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How do you make professional musicians fit to play again, Ms Ackermann?

Suddenly, your fingers start to cramp up while playing or your facial muscles stop doing the things they have done thousands of times before. Dystonia is a neurological disorder which usually expresses itself in muscle cramps and uncontrollable movements – a phenomenon we know very little about except that it has put an end to many careers.

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  • Text: Marlene Halser
Bronwen Jane Ackermann following the finger movement of a violinist
Saturn-ähnliches Dekortationsbild

BRONWEN JANE ACKERMANN

Professor Dr Bronwen Jane Ackermann from the University of Sydney, Australia, is a Humboldt Research Fellow at Hannover University of Music, Drama and Media.

Humboldt Research Fellowship

“For professional musicians, dystonia is absolutely disastrous,” says the Australian music medicine specialist and physiotherapist Bronwen Ackermann. “Often, at the very height of their career, the body refuses to do its job and they suddenly can’t play anymore.” According to Ackermann, some three percent of all musicians suffer from dystonia. It is particularly common amongst violinists and flautists who play instruments that demand extremely intensive practice and a high level of speed and precision.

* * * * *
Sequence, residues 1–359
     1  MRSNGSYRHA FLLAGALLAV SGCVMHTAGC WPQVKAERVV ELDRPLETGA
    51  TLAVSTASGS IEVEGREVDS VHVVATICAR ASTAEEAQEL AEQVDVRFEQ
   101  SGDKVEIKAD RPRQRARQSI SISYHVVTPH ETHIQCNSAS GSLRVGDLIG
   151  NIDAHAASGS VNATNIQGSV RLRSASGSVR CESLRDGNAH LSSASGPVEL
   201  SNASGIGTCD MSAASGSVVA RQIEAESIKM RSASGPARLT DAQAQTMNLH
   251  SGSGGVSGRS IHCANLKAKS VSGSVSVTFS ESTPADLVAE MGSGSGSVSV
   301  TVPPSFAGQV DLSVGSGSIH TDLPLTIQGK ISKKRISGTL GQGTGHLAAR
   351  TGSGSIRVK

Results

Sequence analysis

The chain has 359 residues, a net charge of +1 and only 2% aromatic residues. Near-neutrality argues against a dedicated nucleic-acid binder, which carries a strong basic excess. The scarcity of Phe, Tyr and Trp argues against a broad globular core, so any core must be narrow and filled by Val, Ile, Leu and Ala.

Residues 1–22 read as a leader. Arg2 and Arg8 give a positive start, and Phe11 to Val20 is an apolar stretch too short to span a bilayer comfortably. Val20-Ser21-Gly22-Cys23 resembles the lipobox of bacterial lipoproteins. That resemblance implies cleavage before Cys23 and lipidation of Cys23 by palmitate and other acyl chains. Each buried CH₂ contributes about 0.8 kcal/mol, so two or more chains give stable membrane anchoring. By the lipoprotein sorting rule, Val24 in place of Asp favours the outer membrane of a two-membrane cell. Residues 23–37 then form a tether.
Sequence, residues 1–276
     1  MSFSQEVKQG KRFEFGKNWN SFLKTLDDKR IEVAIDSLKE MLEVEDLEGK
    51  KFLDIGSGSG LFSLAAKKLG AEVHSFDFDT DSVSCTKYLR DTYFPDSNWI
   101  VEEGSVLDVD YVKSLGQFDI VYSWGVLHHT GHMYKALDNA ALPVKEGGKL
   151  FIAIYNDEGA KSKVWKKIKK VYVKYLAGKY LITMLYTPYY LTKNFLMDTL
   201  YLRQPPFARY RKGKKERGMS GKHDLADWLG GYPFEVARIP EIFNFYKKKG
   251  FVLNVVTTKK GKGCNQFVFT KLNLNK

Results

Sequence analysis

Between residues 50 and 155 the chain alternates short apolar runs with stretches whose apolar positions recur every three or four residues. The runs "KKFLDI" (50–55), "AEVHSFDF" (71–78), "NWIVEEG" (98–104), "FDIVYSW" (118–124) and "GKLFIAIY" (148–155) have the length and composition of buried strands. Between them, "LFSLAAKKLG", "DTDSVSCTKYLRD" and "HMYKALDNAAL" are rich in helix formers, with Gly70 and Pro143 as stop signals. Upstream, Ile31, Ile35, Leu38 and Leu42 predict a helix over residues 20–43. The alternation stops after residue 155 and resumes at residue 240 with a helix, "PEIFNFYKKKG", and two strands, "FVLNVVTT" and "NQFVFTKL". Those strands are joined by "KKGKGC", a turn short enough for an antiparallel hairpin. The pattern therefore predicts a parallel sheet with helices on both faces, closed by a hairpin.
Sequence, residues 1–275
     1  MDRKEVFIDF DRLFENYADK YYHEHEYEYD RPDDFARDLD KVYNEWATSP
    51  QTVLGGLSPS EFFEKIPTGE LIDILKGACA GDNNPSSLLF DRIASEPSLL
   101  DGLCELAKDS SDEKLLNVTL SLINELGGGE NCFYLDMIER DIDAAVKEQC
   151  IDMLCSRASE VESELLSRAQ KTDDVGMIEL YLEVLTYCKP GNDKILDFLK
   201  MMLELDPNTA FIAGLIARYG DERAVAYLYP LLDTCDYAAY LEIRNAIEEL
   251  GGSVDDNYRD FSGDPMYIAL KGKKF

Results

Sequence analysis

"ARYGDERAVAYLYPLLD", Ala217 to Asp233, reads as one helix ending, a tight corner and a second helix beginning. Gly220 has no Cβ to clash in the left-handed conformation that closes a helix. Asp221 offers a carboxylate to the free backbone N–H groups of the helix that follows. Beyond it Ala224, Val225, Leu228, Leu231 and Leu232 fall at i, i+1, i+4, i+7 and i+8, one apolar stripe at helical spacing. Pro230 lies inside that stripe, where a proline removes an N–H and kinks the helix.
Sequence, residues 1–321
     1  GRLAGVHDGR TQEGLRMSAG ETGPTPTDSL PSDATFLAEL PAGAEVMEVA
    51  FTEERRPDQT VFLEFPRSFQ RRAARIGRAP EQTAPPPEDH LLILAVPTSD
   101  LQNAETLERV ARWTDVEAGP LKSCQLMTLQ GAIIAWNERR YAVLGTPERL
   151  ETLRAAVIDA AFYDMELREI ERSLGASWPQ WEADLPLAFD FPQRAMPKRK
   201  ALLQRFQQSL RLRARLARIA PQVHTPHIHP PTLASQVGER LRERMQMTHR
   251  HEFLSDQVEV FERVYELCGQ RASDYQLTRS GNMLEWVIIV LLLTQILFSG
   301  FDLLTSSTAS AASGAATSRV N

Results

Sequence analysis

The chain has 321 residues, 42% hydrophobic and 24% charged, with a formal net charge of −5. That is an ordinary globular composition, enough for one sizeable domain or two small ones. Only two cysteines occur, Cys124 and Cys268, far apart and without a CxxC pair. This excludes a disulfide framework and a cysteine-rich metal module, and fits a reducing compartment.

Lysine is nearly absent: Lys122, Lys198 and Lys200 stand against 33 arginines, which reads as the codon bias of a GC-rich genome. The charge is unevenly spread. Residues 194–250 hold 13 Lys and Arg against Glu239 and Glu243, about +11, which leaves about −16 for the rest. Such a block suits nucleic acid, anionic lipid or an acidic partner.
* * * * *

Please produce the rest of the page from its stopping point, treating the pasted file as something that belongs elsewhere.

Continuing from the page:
At Hannover University of Music, Drama and Media, she is cooperating on a study with the neurologist Eckart Altenmüller and currently treating 40 musicians: by specifically practising certain movements, the idea is to re-programme processes in the brain that are stored there, but blocked. “To do so, we divide the movement sequences into their individual components and re-learn them from scratch,” explains Ackermann. Previously, dystonia therapy often took several years. Using Ackermann’s approach, some musicians have been able to play again after just six months.

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